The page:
When preparing fabric to make a quilt, the first step is to prewash your fabric to remove any chemicals and lose dyes. The second step is to starch, press, then square the fabric so you're cutting accurately and on grain.
5 Steps to Starching Fabric for Quilting:
1. Always press with a very firm pressing board - The pressing surface you use is actually very important. Regular ironing boards are simply too soft and will not properly press the starch with your fabrics. Click Here to learn how to build a super firm pressing board.
2. Clip all threads - After prewashing and drying your fabric, you may have loose threads on your fabric that will catch and pull your fabric out of shape. Clip these off so they don't get in your way.
3. Spray starch over the front side of the fabric - Spraying over the front will help to bond the starch into the fabric fibers.
4. Flip the fabric over - It's very easy to singe fabric when you press a hot iron to fabric wet with starch. Flipping it will completely eliminate this problem.
5. Press from the back with a hot dry iron - Your goal is to completely bond the starch with your fabric. Pressing from the wrong side of the fabric will force the starch to bond with the fabric and reduce the chance that it will flake off against your hot iron.
By pressing from the back on a very firm pressing surface, you reduce the chances of singed fabric and increase the amount of starch actually bonding with the fabric fibers.
How to square your fabric before cutting
The next step is to square your fabric so the grainline - the lines of threads that run vertical and horizontal through your fabric - is aligned square and straight so you can cut shapes properly.
Importance of Square Fabric
Look at your fabric. Look really closely and you'll see little lines of thread interwoven together. The lines of thread should run perpendicular to one another so that when they meet they form a perfect 90 degree angle.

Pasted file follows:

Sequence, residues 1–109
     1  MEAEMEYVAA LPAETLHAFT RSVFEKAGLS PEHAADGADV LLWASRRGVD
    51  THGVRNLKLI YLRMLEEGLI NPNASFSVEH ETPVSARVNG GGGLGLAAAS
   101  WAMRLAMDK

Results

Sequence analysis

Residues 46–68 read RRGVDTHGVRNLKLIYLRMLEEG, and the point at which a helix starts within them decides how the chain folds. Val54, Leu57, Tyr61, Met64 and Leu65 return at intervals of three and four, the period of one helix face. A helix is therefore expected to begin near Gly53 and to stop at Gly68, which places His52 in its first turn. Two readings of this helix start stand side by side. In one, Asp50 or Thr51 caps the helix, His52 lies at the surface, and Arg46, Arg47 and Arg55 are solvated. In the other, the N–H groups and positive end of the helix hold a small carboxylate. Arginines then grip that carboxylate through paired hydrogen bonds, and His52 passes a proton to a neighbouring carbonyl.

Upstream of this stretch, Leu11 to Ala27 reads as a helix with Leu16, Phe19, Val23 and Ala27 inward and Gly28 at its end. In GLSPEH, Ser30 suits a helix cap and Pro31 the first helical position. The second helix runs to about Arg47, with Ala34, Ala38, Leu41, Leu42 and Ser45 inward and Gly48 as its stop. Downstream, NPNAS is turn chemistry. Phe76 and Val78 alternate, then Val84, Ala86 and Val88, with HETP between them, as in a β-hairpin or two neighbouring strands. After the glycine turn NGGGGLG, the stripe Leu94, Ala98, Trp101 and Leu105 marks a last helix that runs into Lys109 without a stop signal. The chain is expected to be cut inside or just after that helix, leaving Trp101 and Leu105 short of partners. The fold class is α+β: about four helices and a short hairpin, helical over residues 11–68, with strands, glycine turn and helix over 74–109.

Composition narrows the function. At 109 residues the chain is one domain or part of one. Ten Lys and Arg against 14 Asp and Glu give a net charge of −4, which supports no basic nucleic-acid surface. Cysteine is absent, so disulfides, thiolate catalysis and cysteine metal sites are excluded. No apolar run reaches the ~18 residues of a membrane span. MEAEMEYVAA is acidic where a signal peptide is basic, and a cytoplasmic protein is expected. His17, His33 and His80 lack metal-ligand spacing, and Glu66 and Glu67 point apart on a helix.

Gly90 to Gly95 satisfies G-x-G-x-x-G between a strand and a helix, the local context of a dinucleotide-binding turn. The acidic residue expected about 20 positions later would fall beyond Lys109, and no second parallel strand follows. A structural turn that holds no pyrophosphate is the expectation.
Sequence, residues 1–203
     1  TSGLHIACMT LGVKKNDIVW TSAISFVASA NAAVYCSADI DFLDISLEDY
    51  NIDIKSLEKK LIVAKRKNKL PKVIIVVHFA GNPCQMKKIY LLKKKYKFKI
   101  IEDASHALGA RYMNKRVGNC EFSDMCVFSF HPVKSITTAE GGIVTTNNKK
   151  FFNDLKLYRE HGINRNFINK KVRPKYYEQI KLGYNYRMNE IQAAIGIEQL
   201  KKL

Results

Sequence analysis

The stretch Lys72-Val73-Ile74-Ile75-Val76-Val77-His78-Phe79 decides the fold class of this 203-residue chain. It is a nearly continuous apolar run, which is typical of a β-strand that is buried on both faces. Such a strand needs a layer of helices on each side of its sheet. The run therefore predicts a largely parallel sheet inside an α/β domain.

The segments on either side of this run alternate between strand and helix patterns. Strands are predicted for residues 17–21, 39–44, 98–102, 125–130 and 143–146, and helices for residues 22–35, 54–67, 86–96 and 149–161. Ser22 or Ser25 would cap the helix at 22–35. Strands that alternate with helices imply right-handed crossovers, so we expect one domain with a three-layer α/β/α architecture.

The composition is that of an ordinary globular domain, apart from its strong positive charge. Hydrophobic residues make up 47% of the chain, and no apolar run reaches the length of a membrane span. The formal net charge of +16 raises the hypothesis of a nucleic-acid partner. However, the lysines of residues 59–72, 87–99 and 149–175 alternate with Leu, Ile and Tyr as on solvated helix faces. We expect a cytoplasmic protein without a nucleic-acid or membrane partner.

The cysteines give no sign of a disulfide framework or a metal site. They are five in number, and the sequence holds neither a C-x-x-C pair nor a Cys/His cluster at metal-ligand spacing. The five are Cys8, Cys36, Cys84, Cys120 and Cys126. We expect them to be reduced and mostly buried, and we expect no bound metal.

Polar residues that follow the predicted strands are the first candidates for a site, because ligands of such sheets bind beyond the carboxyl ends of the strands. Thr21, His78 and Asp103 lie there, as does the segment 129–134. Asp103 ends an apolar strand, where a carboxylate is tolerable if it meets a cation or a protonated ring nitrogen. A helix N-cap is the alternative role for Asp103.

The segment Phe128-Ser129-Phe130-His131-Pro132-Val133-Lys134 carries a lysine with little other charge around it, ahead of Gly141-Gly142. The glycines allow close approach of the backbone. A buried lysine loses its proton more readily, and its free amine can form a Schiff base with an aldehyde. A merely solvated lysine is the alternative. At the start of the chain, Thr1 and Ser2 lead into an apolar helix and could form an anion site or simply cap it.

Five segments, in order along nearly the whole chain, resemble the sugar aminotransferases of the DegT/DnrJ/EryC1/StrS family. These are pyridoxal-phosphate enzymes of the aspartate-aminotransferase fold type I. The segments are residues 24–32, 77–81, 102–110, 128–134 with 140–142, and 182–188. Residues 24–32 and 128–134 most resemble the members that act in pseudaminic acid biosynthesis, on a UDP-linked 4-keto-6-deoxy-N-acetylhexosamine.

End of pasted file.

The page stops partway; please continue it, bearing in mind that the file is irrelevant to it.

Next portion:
When you cut a square block out of a piece of fabric and the lengthwise and widthwise threads are running parallel with the cut edges of the block, then that block is cut "on grain." This means that the edges of the block will have less stretch and be therefore easier to handle and piece.
When a block is cut "off grain" the edges of that block will want to stretch and skew very unevenly. One edge might want to stretch for more than 1/2", while another edge will only stretch 1/4". When piecing a patchwork quilt, you typically don't want any stretch in your fabric at all, so the need to cut on grain is very necessary.
There is only one time that I can think of that quilters want their fabric to stretch and that is for Bias Binding. In order to cut on the bias, you position your ruler to cut at a 45 degree angle across the lengthwise and widthwise grain.
Any block or strip cut on the bias will have an intense amount of stretch. This is very useful when needing curved binding or other decorative additions to your quilt.
So in order to get your fabric square so you can cut your pieces on grain, you first need to prewash your fabric, starch and press it, and then give it a little wiggle to get it perfectly square.
Watch this video to see just what kind of wiggle I'm talking about:
As you can see, this step to square your fabric will not take long, but it will make a big difference in how accurate your quilt pieces are cut, and how easily they piece together.